Utilising JWT

Without the JWT, the widget you have created could be shown anywhere. It is especially important that if this widget contains any secret information the JWT should always be verified before rendering content.

If you are not familiar with JWT, please read the docs from jwt.io.

the JWT can be accessed from the widget context, under token -key.

Example flow

You can find an example repository that runs the Jira issues Custom Widget from our Github repository.

It runs a NodeJS express server in CloudRun and serves a React frontend. The NodeJS provides the API to verify the custom widget token and returns a new session cookie, also based on JWT.

Then when the user request for the Jira issues, we use the new session cookie to authenticate the user and get the users organisation id. Then we can get the Jira settings and passwords for that organisation and fetch the open issues.

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Example JWT code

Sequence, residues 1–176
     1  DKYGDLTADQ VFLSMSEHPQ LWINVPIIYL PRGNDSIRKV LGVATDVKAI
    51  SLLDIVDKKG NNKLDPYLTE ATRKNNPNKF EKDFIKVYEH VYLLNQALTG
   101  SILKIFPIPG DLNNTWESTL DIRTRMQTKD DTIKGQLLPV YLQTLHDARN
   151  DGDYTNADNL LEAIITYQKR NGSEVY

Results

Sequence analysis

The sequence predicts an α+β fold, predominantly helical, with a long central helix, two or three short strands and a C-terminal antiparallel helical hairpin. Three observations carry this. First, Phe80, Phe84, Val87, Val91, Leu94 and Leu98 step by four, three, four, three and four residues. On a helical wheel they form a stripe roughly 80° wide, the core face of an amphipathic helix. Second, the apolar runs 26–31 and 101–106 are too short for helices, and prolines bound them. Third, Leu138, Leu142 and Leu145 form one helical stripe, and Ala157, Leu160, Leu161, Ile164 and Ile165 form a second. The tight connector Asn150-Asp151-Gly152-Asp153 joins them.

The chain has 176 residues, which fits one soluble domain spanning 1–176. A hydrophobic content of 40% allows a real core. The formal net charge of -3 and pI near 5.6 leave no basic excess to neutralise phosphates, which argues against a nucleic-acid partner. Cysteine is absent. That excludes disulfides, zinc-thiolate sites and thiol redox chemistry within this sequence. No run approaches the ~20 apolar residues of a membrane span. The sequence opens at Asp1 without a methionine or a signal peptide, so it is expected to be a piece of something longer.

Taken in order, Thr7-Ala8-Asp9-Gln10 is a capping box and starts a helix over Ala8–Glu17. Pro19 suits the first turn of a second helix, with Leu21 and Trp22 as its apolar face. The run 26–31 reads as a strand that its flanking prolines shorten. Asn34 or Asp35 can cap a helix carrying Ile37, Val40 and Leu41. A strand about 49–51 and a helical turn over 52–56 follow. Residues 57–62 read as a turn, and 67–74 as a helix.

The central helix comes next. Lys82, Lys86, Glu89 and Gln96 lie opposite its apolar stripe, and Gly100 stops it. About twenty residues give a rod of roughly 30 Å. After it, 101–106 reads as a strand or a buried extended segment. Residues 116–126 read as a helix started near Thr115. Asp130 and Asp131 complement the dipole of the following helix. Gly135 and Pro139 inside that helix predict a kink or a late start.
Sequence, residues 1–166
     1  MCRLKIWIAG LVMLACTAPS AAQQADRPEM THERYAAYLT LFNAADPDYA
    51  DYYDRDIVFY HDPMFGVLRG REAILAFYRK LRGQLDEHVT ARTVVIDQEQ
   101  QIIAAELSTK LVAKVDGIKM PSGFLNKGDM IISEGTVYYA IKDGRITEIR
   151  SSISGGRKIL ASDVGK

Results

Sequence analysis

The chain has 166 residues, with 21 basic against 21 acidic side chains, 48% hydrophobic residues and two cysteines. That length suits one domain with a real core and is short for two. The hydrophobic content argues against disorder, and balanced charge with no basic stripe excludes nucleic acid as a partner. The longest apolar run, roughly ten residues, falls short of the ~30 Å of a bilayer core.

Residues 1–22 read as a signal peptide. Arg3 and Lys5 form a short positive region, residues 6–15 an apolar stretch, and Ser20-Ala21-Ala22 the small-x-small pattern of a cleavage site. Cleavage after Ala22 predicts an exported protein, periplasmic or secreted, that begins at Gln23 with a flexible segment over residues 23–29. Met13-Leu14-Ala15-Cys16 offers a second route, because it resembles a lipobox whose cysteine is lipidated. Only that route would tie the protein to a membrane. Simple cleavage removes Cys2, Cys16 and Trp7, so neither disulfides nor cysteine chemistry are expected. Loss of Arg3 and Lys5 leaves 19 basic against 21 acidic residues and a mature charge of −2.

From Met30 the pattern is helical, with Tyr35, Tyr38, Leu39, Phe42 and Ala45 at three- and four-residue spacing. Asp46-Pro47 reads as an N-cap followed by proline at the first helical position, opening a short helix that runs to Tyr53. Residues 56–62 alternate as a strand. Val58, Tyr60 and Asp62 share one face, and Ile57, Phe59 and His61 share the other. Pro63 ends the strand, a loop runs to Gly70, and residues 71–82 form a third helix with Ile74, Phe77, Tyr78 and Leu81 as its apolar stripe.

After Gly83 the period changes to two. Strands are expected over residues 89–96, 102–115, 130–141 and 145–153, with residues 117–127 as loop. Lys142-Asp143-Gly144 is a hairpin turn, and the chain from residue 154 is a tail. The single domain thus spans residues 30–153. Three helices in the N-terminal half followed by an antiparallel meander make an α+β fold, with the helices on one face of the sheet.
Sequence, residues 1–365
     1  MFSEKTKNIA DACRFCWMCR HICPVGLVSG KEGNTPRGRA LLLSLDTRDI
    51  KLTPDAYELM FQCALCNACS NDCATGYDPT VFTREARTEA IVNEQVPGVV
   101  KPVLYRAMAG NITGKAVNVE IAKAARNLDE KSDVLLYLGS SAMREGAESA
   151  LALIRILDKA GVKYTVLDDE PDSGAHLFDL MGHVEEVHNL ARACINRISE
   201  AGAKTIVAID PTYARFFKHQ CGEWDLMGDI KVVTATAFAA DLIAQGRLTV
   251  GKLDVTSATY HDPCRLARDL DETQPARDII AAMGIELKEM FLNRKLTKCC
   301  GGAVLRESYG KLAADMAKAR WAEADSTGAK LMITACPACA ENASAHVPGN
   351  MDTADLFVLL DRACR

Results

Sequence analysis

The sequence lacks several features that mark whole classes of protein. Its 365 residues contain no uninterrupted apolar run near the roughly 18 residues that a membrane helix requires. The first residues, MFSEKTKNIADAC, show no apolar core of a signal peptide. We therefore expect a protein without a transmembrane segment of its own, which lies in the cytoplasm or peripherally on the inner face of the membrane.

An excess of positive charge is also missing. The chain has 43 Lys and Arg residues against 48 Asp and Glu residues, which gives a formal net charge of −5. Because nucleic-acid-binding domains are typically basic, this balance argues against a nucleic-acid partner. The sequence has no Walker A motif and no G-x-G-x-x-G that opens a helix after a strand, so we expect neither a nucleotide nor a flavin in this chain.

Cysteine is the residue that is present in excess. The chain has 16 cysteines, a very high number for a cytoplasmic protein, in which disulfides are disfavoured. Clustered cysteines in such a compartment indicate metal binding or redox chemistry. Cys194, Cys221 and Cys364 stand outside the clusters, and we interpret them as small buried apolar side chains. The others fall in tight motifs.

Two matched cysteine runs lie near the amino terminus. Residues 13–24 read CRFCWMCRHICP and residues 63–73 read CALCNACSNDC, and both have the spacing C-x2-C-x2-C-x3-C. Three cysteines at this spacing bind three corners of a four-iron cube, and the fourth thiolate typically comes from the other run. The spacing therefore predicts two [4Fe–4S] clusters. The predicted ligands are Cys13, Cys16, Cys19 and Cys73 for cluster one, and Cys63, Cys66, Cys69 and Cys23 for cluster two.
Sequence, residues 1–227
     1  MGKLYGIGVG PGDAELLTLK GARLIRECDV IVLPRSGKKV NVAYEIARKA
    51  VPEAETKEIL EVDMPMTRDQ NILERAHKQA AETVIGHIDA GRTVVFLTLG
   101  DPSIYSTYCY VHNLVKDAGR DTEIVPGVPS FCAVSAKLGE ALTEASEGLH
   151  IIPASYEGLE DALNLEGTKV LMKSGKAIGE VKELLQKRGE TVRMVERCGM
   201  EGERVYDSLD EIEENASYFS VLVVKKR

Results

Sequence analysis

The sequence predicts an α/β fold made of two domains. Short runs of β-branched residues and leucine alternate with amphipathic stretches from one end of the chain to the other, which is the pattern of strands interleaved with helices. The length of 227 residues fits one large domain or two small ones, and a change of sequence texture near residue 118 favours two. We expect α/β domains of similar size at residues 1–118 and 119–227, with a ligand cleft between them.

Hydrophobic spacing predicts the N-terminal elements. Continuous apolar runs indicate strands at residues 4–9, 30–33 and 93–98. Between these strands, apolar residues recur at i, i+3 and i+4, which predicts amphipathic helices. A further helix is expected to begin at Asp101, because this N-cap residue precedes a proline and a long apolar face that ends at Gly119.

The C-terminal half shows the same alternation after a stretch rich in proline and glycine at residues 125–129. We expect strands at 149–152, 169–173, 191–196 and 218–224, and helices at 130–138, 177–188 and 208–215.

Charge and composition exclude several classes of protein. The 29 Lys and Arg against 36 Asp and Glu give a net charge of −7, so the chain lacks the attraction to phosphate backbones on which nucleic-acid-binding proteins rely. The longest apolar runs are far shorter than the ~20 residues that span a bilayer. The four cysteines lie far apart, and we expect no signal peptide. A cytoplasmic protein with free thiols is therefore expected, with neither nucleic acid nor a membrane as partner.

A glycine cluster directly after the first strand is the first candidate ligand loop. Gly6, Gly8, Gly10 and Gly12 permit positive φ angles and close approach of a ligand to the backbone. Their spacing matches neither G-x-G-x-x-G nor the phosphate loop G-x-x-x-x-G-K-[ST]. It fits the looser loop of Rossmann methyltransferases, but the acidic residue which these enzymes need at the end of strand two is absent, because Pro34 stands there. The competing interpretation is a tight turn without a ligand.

The token string is a JSON Web Token (jwt.io) which you can verify with the shared secret obtained from the Custom Widget setup in the admin panel. Use this secret to verify the token.

Remember to verify the token on your server and not on the frontend code, otherwise you will expose the shared secret.

We recommend not using the JWT we provided as a session cookie for your Custom Widget but to generate your own. This is because the JWT provided has a short lifetime and we may change this at any point.

const jwt = require("jsonwebtoken");

function verifySession(token) {
  try {
    return jwt.verify(token, SHARED_SECRET);
  } catch (error) {
    throw error;
  }
}

const data = verifySession(token);